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Susan S. Levy

Using a qualitative design, the purpose of this study was to investigate the personal meaning of competition to the female mountain bike racer. Interviews were conducted with nine female mountain bike racers of varying levels of experience, and were designed to elicit information relevant to the athlete’s understanding of her experience of competition, as well as, the personal meaning she attached to that experience. The codification of participant responses resulted in the identification of eight main themes including self-fulfillment, perceived competence, social support and camaraderie, health and fitness, joy of the experience, focus and self-control, external benefits derived from racing, and goal-direction. The findings of the study were, in general, supportive of the components of meaning posited by Personal Investment Theory (Maehr & Braskamp, 1986). Practical implications from this study include developing strategies for increasing the meaningfulness of the competitive experience for females in order to promote participation in physical activity.

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Vicki Ebbeck, Patti Lou Watkins, and Susan S. Levy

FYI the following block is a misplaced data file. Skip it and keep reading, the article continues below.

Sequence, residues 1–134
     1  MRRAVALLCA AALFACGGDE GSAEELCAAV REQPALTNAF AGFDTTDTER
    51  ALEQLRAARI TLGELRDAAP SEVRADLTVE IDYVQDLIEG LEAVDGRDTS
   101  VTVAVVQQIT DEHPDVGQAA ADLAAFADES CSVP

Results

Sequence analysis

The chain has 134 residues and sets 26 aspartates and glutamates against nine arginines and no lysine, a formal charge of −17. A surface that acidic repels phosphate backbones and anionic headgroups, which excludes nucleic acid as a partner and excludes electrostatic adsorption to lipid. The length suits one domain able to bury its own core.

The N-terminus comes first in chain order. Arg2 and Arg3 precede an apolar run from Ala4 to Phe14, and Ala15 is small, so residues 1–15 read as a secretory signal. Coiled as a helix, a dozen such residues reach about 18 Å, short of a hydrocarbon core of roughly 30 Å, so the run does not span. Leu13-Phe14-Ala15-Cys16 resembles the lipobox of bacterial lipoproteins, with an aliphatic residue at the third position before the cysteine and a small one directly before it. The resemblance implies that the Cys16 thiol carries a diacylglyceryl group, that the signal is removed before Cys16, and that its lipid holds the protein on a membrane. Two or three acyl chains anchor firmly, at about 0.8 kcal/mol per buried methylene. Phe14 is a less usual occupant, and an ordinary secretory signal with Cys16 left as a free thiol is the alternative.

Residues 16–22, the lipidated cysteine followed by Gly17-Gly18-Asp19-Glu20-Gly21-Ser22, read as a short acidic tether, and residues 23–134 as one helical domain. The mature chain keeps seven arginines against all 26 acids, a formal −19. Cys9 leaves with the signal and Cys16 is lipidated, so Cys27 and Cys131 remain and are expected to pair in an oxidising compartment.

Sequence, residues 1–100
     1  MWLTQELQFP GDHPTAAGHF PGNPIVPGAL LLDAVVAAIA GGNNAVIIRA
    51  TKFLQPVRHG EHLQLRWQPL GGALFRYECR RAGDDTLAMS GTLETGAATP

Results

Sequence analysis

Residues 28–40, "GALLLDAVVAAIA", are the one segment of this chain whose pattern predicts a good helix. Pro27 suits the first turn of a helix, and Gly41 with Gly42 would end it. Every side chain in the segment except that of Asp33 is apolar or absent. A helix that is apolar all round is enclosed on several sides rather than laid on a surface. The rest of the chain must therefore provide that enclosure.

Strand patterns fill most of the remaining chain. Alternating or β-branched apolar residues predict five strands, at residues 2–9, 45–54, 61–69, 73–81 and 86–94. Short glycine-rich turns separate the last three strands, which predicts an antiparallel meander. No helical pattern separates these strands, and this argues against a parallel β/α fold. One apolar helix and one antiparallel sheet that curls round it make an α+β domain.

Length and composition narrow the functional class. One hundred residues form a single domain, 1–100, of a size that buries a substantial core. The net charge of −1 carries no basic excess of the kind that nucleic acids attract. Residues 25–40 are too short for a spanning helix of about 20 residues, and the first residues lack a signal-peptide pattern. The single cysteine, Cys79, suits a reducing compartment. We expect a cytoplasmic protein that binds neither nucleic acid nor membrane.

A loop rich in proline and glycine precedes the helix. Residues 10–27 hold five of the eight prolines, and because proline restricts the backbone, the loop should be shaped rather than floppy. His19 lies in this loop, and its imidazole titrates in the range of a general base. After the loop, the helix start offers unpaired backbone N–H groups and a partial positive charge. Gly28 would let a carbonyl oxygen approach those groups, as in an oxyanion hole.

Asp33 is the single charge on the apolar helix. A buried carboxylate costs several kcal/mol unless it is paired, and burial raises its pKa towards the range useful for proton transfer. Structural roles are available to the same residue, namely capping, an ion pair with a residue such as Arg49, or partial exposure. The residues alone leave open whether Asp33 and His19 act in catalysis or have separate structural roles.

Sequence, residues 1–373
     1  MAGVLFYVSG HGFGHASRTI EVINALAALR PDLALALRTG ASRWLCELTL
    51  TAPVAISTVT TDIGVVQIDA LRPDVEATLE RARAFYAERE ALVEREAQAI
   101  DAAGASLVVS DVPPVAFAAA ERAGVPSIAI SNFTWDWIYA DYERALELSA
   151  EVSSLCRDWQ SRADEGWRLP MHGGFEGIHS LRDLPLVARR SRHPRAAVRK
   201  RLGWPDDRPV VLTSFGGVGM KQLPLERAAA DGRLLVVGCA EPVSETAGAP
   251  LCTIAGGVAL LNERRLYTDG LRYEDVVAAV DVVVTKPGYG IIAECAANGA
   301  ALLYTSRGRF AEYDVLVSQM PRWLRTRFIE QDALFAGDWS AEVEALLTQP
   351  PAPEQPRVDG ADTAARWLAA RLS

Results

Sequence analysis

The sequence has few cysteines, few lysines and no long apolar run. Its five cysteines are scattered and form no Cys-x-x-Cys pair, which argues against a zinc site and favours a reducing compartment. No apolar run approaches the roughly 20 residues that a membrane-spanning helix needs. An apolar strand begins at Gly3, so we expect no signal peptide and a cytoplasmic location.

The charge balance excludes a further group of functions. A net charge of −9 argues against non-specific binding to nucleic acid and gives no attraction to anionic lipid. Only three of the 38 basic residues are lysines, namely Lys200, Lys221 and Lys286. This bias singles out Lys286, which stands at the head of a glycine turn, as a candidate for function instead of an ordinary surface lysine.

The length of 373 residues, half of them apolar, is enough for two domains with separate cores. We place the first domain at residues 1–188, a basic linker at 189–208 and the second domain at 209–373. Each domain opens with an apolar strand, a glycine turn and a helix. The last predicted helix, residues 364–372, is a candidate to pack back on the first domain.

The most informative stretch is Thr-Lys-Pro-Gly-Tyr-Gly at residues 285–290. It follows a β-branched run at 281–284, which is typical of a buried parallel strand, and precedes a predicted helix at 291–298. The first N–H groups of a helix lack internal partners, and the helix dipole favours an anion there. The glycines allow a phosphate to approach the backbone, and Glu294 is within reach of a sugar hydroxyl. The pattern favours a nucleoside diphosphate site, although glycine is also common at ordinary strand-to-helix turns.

This study examined possible determinants of some of the health behaviors of larger women. Specifically, it was of interest to discern if affect (depression, social physique anxiety) mediated the relationship between self-conceptions (global self-worth, perceived physical appearance) and behavior (disordered eating, physical activity). The investigation was grounded in the model of self-worth forwarded by Harter (1987). A total of 71 overweight or obese women agreed to participate in the study. Data collection involved a researcher meeting individually with each of the participants to record physical assessments as well as responses to a packet of self-report questionnaires. A series of canonical correlation analyses were then conducted to test each of the three conditions for mediation effects outlined by Baron and Kenny (1986). Results suggested that indeed the set of self-conceptions indirectly influenced the set of behaviors via the set of affect variables. Surprisingly, however, involvement in physical activity failed to contribute to the multivariate relationships. The findings further our understanding of how self-conceptions are related to behavior and highlight the value of examining multiple health behaviors in parallel.